Modern Cell-based Assays for Bioprocessing

Nexcelom high-throughput platforms can rapidly quantify cell concentration and viability, as well as cell-based assays to streamline every step in the bioprocessing pipeline from engineering host cells to biological protein production.

bioprocessing workflow

The three main types of therapy are:

  • Biologic protein-based therapy with monoclonal antibodies (mAbs)
  • Gene therapy (e.g., Luxturna)
  • Cell therapy (e.g., ex vivo CAR-T cell-based therapies like Kymriah and Yescarta)

Biologic production relies on accurate measurements of total cell concentration and viability at every step to ensure cell survival and effective mAb production. Additional cell fitness characterization can be performed using specific fluorescent reagents such as reactive oxygen species (ROS) or caspase 3/7 apoptosis detection.

Nexcelom products utilize state-of-the-art image cytometry methods to measure total and viable cell populations, ensuring consistency and reproducibility in the bioprocessing workflow.

Optimal biologic production depends on:

  • Engineering host cells
  • Effective cell transfection
  • Optimizing cell culture conditions (media, pH, confluence)
  • Minimizing variation
  • Developing assays to monitor growth and scale-up biologic production
  • Monoclonality verification

Historical Perspective

The first mAb was created in 1975 after the fusion of a mouse B lymphocyte with a murine myeloma cell; these hybridomas were able to continuously secrete large quantities of antibodies [Joubert et al. 2019]. The 1970s also saw the production of the first genetically engineered human insulin by Escherichia coli.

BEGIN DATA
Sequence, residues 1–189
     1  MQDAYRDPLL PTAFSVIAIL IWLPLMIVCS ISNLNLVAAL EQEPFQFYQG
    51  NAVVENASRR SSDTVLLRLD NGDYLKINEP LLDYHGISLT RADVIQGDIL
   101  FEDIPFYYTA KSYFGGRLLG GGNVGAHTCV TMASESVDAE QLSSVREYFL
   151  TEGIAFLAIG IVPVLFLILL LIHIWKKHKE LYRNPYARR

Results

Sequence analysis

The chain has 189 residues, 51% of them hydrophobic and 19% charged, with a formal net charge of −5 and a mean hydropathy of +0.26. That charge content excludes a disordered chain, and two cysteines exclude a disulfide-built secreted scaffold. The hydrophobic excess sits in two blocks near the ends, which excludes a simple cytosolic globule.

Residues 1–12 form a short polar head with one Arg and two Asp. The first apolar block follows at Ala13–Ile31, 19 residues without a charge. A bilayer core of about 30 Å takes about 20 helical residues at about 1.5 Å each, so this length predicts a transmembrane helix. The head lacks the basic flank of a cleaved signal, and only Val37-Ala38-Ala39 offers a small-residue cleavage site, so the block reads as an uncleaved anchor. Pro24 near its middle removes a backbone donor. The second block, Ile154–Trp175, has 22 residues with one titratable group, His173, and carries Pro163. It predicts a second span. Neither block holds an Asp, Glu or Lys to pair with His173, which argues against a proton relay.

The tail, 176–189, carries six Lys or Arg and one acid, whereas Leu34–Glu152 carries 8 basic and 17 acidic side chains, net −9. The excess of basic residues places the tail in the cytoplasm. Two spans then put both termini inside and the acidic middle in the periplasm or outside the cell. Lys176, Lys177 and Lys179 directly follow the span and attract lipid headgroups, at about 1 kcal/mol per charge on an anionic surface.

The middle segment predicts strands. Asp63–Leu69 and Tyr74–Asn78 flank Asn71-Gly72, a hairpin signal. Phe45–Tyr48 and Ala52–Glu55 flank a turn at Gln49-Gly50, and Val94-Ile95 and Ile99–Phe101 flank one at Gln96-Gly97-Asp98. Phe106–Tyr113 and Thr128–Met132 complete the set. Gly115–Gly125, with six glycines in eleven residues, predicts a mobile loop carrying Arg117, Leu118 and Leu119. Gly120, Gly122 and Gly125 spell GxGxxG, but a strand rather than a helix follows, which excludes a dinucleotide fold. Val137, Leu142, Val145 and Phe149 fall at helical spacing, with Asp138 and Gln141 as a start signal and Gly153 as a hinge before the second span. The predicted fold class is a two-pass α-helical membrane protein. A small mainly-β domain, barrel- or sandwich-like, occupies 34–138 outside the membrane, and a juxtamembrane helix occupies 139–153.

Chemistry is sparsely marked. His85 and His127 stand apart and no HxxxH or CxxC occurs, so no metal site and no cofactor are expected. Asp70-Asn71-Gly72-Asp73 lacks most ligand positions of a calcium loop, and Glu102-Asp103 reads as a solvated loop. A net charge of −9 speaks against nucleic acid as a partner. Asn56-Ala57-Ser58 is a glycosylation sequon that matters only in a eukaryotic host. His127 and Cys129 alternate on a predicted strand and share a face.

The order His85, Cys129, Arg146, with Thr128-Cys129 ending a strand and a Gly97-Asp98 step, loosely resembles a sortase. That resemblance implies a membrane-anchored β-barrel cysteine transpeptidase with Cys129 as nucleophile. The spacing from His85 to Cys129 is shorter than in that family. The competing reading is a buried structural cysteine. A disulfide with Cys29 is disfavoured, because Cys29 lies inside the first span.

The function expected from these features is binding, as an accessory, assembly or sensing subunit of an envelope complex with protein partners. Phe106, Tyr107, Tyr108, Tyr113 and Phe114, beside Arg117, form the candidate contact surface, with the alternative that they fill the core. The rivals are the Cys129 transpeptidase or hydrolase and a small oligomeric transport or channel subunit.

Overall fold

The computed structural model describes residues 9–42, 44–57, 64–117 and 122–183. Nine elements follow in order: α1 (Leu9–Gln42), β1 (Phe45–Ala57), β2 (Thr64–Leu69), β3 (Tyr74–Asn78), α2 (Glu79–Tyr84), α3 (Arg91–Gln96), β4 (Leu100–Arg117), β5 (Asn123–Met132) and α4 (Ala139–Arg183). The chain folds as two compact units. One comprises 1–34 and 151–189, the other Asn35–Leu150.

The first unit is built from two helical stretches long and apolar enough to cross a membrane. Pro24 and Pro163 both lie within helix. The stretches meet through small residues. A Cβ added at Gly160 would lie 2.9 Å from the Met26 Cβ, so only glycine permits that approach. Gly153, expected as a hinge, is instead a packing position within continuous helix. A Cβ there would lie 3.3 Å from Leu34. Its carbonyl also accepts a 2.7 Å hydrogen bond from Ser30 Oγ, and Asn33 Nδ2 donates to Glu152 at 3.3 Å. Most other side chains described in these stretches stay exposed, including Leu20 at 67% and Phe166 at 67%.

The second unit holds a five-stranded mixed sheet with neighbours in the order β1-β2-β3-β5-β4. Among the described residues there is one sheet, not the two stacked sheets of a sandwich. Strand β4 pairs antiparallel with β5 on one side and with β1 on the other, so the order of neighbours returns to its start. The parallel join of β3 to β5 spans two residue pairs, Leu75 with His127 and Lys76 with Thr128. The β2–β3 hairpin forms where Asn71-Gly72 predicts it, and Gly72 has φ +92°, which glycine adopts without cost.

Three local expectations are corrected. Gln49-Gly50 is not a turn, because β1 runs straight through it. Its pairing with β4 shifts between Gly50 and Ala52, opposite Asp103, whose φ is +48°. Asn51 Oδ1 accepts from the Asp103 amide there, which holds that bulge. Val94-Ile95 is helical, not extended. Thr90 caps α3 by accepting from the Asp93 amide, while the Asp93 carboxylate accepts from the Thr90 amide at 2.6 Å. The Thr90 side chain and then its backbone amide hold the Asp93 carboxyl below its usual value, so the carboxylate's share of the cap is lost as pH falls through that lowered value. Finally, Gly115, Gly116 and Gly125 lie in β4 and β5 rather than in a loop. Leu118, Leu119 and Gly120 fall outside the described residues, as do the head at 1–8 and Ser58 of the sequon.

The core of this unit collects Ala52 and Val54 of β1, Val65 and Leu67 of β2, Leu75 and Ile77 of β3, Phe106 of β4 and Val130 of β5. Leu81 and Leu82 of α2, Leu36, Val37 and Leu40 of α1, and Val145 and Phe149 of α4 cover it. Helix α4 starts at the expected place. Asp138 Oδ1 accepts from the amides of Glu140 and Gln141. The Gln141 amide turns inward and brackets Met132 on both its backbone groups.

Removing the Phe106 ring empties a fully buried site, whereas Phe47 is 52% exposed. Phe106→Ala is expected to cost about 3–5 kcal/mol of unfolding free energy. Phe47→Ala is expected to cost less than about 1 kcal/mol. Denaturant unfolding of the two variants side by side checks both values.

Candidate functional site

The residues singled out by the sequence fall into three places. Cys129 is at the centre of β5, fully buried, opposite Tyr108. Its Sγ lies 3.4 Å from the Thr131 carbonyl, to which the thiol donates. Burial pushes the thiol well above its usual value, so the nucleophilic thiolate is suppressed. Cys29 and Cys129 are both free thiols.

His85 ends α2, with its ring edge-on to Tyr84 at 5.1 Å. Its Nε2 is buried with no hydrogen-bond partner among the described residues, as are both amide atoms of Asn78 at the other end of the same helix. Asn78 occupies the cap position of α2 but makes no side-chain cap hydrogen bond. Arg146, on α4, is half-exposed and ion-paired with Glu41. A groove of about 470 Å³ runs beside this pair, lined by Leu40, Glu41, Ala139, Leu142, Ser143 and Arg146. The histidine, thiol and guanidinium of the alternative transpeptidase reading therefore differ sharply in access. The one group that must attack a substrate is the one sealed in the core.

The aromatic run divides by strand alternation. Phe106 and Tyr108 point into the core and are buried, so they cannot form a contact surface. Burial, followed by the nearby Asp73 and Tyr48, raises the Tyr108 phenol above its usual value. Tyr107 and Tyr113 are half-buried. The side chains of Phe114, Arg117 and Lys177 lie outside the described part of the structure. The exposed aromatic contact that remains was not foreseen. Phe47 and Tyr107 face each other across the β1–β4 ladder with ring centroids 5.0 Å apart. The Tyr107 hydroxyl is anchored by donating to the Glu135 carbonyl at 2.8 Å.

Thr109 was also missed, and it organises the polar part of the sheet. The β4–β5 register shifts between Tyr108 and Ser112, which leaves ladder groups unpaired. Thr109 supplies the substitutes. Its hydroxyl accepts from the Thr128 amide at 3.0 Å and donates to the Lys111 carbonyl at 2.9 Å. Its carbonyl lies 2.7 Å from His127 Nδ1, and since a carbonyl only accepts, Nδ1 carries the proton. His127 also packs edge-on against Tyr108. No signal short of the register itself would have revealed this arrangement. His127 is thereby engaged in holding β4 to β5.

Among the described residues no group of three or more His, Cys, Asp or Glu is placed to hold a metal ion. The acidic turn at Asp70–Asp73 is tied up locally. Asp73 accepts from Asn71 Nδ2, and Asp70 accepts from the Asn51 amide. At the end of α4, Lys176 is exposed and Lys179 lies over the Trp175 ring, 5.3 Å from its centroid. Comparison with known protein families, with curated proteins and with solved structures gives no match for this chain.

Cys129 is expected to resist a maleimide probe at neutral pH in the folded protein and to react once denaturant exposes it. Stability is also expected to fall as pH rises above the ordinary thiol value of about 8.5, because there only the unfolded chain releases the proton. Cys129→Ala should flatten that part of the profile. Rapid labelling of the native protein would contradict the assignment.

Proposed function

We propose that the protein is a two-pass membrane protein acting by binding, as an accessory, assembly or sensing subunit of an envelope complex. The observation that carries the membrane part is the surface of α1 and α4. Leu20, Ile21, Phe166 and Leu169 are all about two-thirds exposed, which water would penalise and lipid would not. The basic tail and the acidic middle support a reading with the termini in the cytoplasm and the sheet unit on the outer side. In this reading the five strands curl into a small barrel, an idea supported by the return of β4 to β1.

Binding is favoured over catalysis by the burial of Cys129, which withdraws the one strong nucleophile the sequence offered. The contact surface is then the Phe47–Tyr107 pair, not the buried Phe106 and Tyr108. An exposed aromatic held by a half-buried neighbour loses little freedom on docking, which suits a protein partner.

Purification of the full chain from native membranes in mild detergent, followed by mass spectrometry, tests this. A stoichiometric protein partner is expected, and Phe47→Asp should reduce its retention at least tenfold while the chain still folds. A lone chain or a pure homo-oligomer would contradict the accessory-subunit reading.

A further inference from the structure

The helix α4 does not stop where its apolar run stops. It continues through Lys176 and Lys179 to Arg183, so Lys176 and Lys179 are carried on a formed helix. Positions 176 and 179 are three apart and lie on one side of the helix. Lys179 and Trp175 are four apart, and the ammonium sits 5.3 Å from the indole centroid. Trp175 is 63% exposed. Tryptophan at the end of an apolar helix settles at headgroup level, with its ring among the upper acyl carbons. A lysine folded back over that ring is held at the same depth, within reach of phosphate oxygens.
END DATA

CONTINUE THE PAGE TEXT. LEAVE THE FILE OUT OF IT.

In 1987, Chinese Hamster Ovary (CHO) cells were introduced to produce mAb, which was a major advancement in mAb manufacturing. This system was used to produce tissue plasminogen activator in 1987, followed by erythropoietin two years later.  In the 1990s, the first chimeric recombinant and humanized antibodies were established [Joubert et al. 2019].

Currently, more than half of the available commercial mAbs are made in CHO cells. They offer the advantages of being robust, genetically manipulable, and possessing a strong track record with regulatory authorities.

They can be modified to:

  • Improve cell growth
  • Minimize apoptosis
  • Optimize metabolism
  • Promote protein product secretion

Mammalian cells provide the additional benefit of similarity with human glycosylation and other post-translational modifications (PTMs) [Dalton and Barton, 2014]. Approximately 70% of biopharmaceuticals are based on mammalian cell culture processes, which can bottleneck their production due to limits on cultivation time, growth capacity, and product yield [Fischer et al., 2015].

Despite these challenges, mAbs have become one of the most widely used therapeutic classes. They currently account for half of the ten best-selling drugs and $50 billion in sales annually [Baeshen et al. 2014]. While antibody-based drugs are an important tool in the armamentarium against hundreds of medical conditions, several critical biomanufacturing issues are obstacles in the industry, including protein expression platform productivity [Joubert et al. 2020].

This resource will discuss obstacles in the in vitro production of therapeutic proteins including: